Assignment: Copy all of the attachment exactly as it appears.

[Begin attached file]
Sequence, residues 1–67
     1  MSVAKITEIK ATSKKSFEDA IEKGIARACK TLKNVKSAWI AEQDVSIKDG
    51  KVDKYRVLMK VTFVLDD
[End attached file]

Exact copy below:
Sequence, residues 1–67
     1  MSVAKITEIK ATSKKSFEDA IEKGIARACK TLKNVKSAWI AEQDVSIKDG
    51  KVDKYRVLMK VTFVLDD